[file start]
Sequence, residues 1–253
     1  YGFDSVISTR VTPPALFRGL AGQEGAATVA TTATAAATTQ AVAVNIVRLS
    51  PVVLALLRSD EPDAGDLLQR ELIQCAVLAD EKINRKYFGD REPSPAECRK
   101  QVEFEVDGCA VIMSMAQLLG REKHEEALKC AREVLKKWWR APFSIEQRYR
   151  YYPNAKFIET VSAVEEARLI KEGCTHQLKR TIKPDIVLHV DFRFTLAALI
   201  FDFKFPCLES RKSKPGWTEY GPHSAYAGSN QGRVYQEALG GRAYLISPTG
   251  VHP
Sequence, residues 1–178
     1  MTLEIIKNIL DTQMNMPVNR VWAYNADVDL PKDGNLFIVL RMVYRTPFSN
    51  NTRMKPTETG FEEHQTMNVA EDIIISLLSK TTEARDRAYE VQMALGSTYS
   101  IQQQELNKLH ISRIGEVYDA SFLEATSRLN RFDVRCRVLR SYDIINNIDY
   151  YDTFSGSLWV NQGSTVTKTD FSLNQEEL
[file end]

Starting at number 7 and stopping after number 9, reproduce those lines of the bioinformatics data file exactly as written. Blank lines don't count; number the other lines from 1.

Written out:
   251  VHP
Sequence, residues 1–178
     1  MTLEIIKNIL DTQMNMPVNR VWAYNADVDL PKDGNLFIVL RMVYRTPFSN